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Georgia, one of the republics in the Transcaucasian region is all set to resume domestic travel by June 15. With easing lockdown restrictions, the country also plans to reopen its borders for foreign tourists starting July 1. By Upasana Singh
Home to Caucasus Mountain villages and Black Sea beaches, Georgia plans to create a safe corridor on land borders for tourists from neighbouring countries. Whilst presenting a tourism recovery and anti-crisis plan, Prime Minister Giorgi Gakharia announced that Georgia will hold bilateral negotiations with other countries in the region that are vital for its tourism sector.
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The announcement comes just days after the capital, Tbilisi allowed shops to reopen as part of a gradual easing of Coronavirus lockdown restrictions. A lockdown that was imposed in the Southeast city of Rustavi was also lifted last week.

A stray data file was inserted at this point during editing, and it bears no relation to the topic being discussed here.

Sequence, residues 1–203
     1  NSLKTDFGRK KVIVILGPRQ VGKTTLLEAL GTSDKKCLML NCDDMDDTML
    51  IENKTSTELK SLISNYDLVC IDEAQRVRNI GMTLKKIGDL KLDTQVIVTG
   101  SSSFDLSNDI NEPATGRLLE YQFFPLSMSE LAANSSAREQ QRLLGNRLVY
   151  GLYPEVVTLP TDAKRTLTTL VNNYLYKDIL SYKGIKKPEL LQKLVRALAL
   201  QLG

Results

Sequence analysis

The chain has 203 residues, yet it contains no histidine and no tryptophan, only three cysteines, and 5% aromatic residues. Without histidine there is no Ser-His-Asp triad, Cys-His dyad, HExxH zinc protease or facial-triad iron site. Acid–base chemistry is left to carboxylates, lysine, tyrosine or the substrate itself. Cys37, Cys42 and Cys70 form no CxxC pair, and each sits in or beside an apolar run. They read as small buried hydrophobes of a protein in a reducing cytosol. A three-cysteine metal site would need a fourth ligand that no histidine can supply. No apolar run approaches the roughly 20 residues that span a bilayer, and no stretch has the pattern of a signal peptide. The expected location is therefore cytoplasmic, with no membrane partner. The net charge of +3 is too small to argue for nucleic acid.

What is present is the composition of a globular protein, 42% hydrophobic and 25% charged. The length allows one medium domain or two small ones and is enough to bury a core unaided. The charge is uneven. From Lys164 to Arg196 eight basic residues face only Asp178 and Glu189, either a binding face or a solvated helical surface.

Georgia plans to reopen for foreign tourists from July 1, with domestic travel resuming from June 15. Economy Minister Natia Turnava believes that Georgia should promote itself as a safe destination to attract tourists. As reported by Emerging Europe, she said, “Before, the world knew us as a country for our ancient traditions of hospitality. Now the world will recognise us as a safe destination.” With this strategy, the country has come up with a new slogan — “Georgia: The Safe Destination.”
Beginning with the Batumi and the Ajara region, the country will create several Green Zones to kickstart tourism. Chairman of the regional government, Tornike Rijwadze ensured that beaches will be monitored and social distancing rules will be strictly followed. For the entire country, an action plan will be developed based on providing the best international experience. This will include training of guides to improve quality and introduce safety rules in the tourism industry post-COVID-19.
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Last year, almost 9.4 million tourists visited Georgia. Famed for its ancient culture, rich history, and diverse architecture, some of the go-to tourist spots in the country include Vardzia, a cave monastery dating to the 12th century, the ancient wine-growing region of Kakheti, and the cobblestone streets of Tbilisi’s old towns.
As flights will gradually resume operations, we hope that our travel plans to this Caucasian country will soon be fulfilled.